£9,000 in savings? Here’s how I’d try to turn that into £916 a month of passive income!

Putting money into high-dividend-paying shares and compounding the returns can transform relatively small investments into big passive income over time.

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Passive income is basically money made with minimal daily effort by the investor. I like to think of it as my money quietly working away for me all the time, even when I am asleep.

By far the best way I have found of achieving this is through buying high-dividend-paying shares.

I started doing this after I got my first serious job at 21, but the earlier the better, in my view. This gives more time for markets to recover from any short-term shocks.

It also allows a longer period for bigger returns to be made through ‘dividend compounding’. This is the same principle as compound interest in bank accounts. However, rather than interest being reinvested, dividends are.

Stock selection process

My core holdings in the FTSE 100 provide a current average yield of 9.3%. They are Phoenix Group Holdings (9.7%), M&G (9.4%), British American Tobacco (9.4%), and Legal & General (LSE: LGEN) at 8.8%. The present average of FTSE 100 is just 3.6%.

The second factor (after yield) I used to select these shares was their undervaluation compared to their peers. The reason is that I want to minimise the chance that my dividend gains are erased by share price losses.

In Legal & General’s case, for example, a discounted cash flow analysis shows the shares to be 58% undervalued at their current £2.31 price. So, a fair value would be around £5.50. It does not guarantee they will reach that level but underlines to me that they are a bargain.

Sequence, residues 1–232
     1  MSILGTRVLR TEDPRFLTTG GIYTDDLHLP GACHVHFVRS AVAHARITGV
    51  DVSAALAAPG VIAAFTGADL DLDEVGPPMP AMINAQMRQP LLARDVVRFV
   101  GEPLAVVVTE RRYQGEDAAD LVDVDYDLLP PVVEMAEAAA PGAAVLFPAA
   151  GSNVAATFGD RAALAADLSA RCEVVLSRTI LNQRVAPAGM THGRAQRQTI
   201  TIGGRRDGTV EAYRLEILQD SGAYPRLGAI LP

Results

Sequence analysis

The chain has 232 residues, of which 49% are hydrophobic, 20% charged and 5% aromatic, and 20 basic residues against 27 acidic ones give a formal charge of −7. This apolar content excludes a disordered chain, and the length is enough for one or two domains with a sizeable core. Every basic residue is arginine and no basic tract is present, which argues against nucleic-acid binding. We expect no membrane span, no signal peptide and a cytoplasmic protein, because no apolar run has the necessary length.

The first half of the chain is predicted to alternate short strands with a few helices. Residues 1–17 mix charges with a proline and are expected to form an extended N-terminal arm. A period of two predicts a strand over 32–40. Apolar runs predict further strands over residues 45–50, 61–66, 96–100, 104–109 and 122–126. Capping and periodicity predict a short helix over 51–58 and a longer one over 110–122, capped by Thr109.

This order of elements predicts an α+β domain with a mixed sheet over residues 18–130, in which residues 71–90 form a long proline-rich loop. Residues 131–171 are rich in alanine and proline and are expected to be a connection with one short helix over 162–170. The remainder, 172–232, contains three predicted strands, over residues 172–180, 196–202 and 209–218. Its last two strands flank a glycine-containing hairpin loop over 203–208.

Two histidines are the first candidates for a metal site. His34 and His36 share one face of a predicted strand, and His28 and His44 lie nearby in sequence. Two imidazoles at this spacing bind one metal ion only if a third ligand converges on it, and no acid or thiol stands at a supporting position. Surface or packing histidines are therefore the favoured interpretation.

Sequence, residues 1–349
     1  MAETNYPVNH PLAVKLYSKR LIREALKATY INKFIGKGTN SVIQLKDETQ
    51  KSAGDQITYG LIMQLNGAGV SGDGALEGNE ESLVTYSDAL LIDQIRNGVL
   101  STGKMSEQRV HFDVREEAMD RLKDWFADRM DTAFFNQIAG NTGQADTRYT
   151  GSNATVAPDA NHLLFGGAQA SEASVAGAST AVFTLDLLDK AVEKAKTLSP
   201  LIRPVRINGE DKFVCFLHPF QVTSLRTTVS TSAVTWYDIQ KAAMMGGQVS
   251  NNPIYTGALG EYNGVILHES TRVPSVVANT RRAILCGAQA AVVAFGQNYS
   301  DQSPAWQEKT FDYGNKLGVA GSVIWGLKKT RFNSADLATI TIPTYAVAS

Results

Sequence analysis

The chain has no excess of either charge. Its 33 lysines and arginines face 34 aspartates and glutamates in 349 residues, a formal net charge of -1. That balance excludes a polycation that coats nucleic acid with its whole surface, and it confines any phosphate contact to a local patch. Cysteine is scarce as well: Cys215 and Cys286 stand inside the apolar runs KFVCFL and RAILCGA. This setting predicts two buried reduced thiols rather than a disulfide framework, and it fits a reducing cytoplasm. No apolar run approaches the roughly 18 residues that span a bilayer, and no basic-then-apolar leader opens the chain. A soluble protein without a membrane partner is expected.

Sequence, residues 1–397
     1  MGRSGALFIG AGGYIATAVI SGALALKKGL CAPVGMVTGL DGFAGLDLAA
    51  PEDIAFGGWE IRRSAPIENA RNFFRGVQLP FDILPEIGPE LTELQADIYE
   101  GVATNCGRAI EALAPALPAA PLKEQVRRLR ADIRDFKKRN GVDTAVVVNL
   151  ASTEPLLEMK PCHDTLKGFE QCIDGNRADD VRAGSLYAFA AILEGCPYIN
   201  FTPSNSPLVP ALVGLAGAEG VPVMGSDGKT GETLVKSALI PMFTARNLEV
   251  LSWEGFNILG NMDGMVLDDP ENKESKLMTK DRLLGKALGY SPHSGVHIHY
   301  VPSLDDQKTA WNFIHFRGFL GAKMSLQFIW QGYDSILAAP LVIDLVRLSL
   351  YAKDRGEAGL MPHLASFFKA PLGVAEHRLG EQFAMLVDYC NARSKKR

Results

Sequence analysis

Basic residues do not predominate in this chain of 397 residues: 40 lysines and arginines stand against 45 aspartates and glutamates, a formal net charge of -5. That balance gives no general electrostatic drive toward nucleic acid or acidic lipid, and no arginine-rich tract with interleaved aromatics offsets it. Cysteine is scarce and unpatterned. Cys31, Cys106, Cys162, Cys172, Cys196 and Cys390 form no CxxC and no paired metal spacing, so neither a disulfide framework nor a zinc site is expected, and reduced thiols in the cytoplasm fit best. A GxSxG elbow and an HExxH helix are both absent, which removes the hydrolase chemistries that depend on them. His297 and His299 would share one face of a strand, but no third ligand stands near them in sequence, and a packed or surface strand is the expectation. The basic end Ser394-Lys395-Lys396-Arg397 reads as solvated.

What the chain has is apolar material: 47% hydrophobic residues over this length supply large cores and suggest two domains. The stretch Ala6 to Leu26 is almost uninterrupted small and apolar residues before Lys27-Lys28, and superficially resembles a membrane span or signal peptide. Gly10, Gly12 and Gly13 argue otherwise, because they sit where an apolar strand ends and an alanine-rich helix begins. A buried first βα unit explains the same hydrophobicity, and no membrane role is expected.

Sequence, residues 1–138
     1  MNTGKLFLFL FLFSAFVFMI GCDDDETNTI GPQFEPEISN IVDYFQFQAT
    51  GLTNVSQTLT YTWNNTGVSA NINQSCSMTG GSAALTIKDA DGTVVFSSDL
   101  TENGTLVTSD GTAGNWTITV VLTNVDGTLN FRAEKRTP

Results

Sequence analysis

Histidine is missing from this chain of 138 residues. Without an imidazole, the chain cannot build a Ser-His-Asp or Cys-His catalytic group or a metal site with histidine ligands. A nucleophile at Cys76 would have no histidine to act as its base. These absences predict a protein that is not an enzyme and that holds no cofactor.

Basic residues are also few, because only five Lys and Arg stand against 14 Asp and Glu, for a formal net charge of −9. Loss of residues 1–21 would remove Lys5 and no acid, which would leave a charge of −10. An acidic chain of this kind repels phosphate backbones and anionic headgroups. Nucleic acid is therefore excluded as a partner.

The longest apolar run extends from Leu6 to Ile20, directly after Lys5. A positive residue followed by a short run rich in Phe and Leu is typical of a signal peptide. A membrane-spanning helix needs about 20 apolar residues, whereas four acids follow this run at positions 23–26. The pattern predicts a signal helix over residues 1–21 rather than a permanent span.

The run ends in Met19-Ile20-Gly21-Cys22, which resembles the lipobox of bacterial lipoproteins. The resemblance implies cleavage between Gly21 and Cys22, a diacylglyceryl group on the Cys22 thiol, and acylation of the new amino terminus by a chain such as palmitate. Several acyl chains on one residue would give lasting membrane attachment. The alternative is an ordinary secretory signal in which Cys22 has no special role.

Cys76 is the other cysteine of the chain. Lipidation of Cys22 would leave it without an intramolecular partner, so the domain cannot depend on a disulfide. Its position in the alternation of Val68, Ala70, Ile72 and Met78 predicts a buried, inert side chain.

The third thing I looked for was good company growth prospects. These are what power share prices and dividends higher over time.

A risk in Legal & General is that its 3.8 debt-to-equity ratio is higher than the 2.5 or so considered healthy for investment firms. However, analysts estimate that revenue and earnings will grow by 12.1% and 21.7% a year respectively to the end of 2026.  

The dividend compounding effect

I started my investing life with £9,000 and the simple aim of making more on it than I did from the bank.

That much invested in Legal & General shares averaging 8.8% a year would make £792 in the first year. If the dividends were spent, then the initial investment would increase by £7,920 after 10 years, given the same yield.

However, if the payouts were used to buy more of the shares then the returns would be much greater. By ‘compounding’ the dividends paid, the investment in Legal & General would total £21,629 after 10 years. After 30 years, it would be £124,910, paying £916 in passive income every month.

These figures assume the average yield remains the same over the periods. They can go down as well as up, depending on share price movements and dividends paid.

Inflation would also reduce the buying power of the income, of course. And there would be tax implications according to individual circumstances.

However, the results highlight what big passive income can be made from a much smaller investment early on, especially if the dividends are compounded.

Should you invest, the value of your investment may rise or fall and your capital is at risk. Before investing, your individual circumstances should be assessed. Consider taking independent financial advice.

Simon Watkins has positions in British American Tobacco P.l.c., Legal & General Group Plc, M&g Plc, and Phoenix Group Plc. The Motley Fool UK has recommended British American Tobacco P.l.c. and M&g Plc. Views expressed on the companies mentioned in this article are those of the writer and therefore may differ from the official recommendations we make in our subscription services such as Share Advisor, Hidden Winners and Pro. Here at The Motley Fool we believe that considering a diverse range of insights makes us better investors.

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